Tomorrow I won't have to deal with it getting dark at a soul-crushing 5:30 pm. Nor will I have to wake up blearily an hour early in the spring. Instead I will be enjoying my new, custom time zone. It's "JEST", for "Joey's Eastern (non)Standard Time", and in JEST, there is no spring forward or fall back stress.

The folly of daylight savings time (Ben Franlin's best prank ever) really becomes apparent when you have solar power. It's bad enough that the sun is setting at 6:30 without compounding that by an hour. By keeping my clock set so the sun sets in midwinter at 6 pm, I will maximise what little light there is, and minimise time spent using batteries in the dark.

Of course, it helps that I'm my own boss, and that most of the people I work with are probably not in a nearby timezone anyway, and that most things are done asynchronously. Since JEST is an hour ahead of local time here in the winter, I will, at worst, tend to be running early.

So I only have to change my clocks one time -- and by "change", I mean create a custom timezone in Linux. Here's how to do that.

  1. Make a custom timezone file. The standard one for North America is a bewildering 3000 lines of special cases, conflicting legistlation, and historical weirdness, but I only need one:

    echo "Zone JEST -4:00 - JEST" >

  2. Compile and install it to somewhere; I put it in ~/.zoneinfo

    zic -d ~/.zoneinfo

  3. Set TZ to use it. Also TZDIR if it's not in the system directory.

    export TZDIR=~/.zoneinfo TZ=JEST

Update: Turns out it was easier than I thought, just setting TZ=FOO+4 will make date display a timezone "FOO" that is 4 hours behind GMT. So all I need is to set TZ=JEST+4


date: Sat Oct 30 21:43:39 JEST 2010
date -R: Sat, 30 Oct 2010 21:43:39 -0400


Easier way
Couldn't you just set your time zone to Etc/GMT+4 for the same effect?
Comment by Chris

So is not the statutory/standard TZ in your locale close (within an hour) to the Sun in the Winter ?

That's what happens here - there are occasionally evil mutterings to move us (UK residents) onto the central European time, so only in the summer do we match the sun. But given humans operate so much better in daylight - that seems - well wrong.

Comment by Roger
Awesome, but necessary?
Definitely an interesting approach. But I wonder, rather than changing your notion of the time of day to not match that of people around you, couldn't you just set your schedules and alarms to the times you'd prefer? Seems easier than having to effectively track two timezones: the one for your schedules and alarms and the one for interacting with other people and having a common notion of "what time is it?".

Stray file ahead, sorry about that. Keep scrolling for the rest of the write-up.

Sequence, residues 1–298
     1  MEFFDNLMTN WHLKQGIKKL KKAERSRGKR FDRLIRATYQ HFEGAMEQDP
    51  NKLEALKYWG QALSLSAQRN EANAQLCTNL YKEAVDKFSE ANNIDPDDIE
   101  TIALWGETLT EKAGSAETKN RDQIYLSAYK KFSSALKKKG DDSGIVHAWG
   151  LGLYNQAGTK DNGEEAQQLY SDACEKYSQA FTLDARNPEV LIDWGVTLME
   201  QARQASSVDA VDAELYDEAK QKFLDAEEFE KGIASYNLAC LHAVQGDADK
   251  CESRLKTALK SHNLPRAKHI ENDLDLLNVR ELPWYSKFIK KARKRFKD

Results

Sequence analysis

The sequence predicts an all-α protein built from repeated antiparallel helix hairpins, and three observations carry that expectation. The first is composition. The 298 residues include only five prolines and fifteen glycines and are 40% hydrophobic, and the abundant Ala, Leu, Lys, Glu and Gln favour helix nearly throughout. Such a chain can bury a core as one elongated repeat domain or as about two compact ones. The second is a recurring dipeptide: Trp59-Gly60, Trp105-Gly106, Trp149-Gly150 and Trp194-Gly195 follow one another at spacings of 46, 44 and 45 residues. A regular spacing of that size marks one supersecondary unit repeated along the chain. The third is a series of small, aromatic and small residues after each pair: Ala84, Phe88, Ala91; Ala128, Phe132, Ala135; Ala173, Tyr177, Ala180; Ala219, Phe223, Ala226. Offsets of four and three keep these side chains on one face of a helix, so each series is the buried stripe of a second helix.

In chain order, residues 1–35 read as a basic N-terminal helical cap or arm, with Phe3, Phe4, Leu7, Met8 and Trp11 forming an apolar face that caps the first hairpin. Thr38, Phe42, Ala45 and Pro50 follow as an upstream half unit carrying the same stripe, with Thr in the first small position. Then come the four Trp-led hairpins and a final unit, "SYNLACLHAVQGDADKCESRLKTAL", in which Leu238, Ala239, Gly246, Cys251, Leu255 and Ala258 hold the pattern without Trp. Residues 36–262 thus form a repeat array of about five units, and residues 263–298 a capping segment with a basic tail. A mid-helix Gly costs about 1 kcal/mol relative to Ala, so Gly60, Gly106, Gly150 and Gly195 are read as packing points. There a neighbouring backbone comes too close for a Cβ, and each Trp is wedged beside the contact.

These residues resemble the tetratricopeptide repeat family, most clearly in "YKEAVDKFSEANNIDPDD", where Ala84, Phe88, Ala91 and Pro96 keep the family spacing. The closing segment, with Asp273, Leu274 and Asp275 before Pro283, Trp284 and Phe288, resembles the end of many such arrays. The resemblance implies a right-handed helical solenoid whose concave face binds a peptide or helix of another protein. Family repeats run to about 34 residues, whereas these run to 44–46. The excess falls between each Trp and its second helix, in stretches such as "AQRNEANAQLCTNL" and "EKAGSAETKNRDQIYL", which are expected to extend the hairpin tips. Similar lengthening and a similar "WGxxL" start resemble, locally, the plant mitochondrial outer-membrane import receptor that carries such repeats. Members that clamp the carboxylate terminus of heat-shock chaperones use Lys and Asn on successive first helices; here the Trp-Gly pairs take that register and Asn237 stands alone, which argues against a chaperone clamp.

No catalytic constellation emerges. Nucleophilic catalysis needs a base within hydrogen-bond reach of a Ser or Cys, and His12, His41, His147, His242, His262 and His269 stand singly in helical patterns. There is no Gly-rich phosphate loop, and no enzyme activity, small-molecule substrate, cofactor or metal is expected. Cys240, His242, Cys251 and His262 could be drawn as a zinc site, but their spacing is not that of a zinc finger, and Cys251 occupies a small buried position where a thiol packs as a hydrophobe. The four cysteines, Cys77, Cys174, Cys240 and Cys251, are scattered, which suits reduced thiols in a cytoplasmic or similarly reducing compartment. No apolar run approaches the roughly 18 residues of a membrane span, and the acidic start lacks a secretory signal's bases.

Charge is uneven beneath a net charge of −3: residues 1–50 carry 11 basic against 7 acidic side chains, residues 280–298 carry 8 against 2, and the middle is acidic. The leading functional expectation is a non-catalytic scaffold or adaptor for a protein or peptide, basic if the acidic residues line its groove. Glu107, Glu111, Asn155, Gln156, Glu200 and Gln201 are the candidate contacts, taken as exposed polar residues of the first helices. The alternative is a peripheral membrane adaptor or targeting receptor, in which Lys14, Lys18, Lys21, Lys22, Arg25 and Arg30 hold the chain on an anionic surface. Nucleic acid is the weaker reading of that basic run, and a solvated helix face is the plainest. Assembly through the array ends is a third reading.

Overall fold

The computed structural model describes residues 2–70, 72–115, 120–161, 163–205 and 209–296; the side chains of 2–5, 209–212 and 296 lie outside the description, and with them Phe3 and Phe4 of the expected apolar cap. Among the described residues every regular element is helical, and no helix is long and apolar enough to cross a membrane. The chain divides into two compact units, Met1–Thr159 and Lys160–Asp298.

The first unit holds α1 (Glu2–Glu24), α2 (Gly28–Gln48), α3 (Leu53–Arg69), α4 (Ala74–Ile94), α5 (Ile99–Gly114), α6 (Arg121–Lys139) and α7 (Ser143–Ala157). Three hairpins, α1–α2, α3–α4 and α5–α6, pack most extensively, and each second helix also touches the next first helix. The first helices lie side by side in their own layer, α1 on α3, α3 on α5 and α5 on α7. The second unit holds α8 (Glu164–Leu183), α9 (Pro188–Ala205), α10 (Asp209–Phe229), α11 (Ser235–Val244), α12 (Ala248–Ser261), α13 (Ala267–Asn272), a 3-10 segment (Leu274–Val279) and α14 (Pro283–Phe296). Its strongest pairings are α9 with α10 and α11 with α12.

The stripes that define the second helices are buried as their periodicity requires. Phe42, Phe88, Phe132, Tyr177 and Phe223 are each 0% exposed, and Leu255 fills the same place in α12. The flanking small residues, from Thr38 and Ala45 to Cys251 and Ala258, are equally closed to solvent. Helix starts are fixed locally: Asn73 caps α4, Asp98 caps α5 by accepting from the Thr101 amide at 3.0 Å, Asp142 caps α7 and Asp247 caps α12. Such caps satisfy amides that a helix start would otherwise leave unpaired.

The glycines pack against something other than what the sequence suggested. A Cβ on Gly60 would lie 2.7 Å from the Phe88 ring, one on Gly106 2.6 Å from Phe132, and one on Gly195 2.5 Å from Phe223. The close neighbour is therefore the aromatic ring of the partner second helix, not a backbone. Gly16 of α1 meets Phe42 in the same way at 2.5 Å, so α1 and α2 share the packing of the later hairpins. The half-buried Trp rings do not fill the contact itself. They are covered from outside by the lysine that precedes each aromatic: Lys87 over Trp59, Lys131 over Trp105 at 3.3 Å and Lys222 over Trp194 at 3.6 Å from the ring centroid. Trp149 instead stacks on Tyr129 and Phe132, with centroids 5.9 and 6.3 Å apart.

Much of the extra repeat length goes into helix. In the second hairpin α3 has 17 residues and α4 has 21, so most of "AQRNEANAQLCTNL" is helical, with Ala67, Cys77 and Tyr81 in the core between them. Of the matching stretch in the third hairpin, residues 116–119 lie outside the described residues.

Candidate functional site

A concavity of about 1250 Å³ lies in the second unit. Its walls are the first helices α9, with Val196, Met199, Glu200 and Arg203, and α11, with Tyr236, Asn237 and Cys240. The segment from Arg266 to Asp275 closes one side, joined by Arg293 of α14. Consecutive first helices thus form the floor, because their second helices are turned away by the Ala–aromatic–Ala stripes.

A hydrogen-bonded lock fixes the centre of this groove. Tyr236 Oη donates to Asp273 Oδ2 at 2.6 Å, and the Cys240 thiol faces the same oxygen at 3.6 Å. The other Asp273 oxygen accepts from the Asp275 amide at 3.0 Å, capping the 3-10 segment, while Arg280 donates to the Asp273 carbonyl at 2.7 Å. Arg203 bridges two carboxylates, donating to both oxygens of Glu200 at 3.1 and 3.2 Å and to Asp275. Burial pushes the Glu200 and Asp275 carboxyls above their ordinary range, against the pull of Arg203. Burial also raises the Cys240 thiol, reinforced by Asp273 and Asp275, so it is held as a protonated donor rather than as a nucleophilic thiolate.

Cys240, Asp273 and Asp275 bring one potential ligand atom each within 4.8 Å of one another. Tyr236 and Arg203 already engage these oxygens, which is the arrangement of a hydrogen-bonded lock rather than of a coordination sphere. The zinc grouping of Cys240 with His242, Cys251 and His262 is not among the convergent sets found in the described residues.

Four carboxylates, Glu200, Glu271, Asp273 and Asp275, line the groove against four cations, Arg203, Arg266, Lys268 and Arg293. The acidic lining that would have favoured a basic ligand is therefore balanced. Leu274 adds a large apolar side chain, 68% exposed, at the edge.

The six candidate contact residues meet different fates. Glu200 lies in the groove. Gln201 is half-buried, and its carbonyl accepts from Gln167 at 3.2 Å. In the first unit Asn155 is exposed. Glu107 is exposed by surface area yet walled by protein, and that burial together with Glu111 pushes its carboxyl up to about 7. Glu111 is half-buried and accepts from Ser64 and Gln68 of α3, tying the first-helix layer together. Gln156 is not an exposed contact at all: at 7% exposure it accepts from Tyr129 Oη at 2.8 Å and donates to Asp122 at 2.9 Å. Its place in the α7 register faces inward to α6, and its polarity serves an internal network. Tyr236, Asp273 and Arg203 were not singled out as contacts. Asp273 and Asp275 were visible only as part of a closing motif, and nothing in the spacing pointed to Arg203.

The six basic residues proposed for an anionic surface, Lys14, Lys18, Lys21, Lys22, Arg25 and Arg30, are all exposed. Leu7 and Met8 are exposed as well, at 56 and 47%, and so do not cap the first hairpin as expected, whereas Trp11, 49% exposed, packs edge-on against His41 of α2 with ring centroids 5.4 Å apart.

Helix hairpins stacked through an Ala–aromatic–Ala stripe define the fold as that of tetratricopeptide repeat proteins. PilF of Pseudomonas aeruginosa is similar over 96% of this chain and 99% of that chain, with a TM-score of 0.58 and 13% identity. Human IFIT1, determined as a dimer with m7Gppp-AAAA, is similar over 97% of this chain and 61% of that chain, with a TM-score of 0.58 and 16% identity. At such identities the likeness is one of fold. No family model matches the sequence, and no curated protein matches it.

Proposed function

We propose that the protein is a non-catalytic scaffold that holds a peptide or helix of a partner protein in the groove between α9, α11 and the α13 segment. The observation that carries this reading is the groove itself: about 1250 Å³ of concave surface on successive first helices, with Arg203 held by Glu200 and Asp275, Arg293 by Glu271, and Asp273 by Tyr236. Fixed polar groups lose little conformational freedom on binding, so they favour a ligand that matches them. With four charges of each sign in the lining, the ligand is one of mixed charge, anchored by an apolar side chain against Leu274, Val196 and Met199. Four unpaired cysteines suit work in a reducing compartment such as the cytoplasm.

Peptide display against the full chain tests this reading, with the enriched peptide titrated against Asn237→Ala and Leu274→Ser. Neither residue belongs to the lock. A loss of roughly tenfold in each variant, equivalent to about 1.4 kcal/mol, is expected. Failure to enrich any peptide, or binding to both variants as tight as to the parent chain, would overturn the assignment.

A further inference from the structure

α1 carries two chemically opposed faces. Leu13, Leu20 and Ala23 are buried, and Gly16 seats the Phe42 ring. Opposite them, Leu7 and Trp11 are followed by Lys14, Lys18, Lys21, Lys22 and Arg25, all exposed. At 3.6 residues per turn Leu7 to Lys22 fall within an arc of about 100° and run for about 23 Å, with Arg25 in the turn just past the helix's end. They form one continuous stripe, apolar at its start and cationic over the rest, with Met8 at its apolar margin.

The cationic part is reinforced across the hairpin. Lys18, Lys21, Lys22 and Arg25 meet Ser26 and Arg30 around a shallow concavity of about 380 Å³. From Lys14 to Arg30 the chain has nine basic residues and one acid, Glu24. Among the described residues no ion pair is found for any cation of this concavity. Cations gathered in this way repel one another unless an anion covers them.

Comment by Josh
comment 4

@chris: Excellent point about GMT+4, but I don't like how date displays it:

TZ=GMT+4 date
Sat Nov  6 18:45:35 GMT 2010

That is highly confusing since I also sometimes need to refer to the real GMT. But JEST+4 both displays as its own zone and needs no custom zonefile, cool.

@Josh: Tried that, didn't work for me. I think there is a powerful psychological component to having certian numbers on the clock mean certian things, and it's particularly noticable when trying to get up in the morning. Actually, isn't that very effect what makes switching to DST cause people to actually wake up earlier?

@Roger Actually, here is slightly better than eg, New York City which in the same timezone, has the sun setting half an hour earlier. I believe that means it will set at 4:30pm for them tomorrow.

Comment by joey
Me too!
I'm going to do that too, except I'm going to call it Jonathan's Eastern Standard Time :)
Comment by jonathan
Does the offset have to be an integer number of minutes, or can you keep Mean Solar Time at your server's location to the second? (I suppose it's "convenient" to have the second hand straight up at the same time as The Man's atomic clock, but that way lies Soviet-style central planning.)
Comment by dmarti []
comment 9

@joey: I meant "Etc/GMT+4", not "GMT+4":

campbell ~$ TZ=Etc/GMT+4 date
Mon Nov 8 00:58:06 GMT+4 2010

But the TZ=YourNameHere+# thing is a neat trick too.

Comment by Chris
comment 10
I wonder how much it will become a burden that the people around you (I mean physically, in your city, in stores etc) are in a different timezone then yourself
Comment by dieter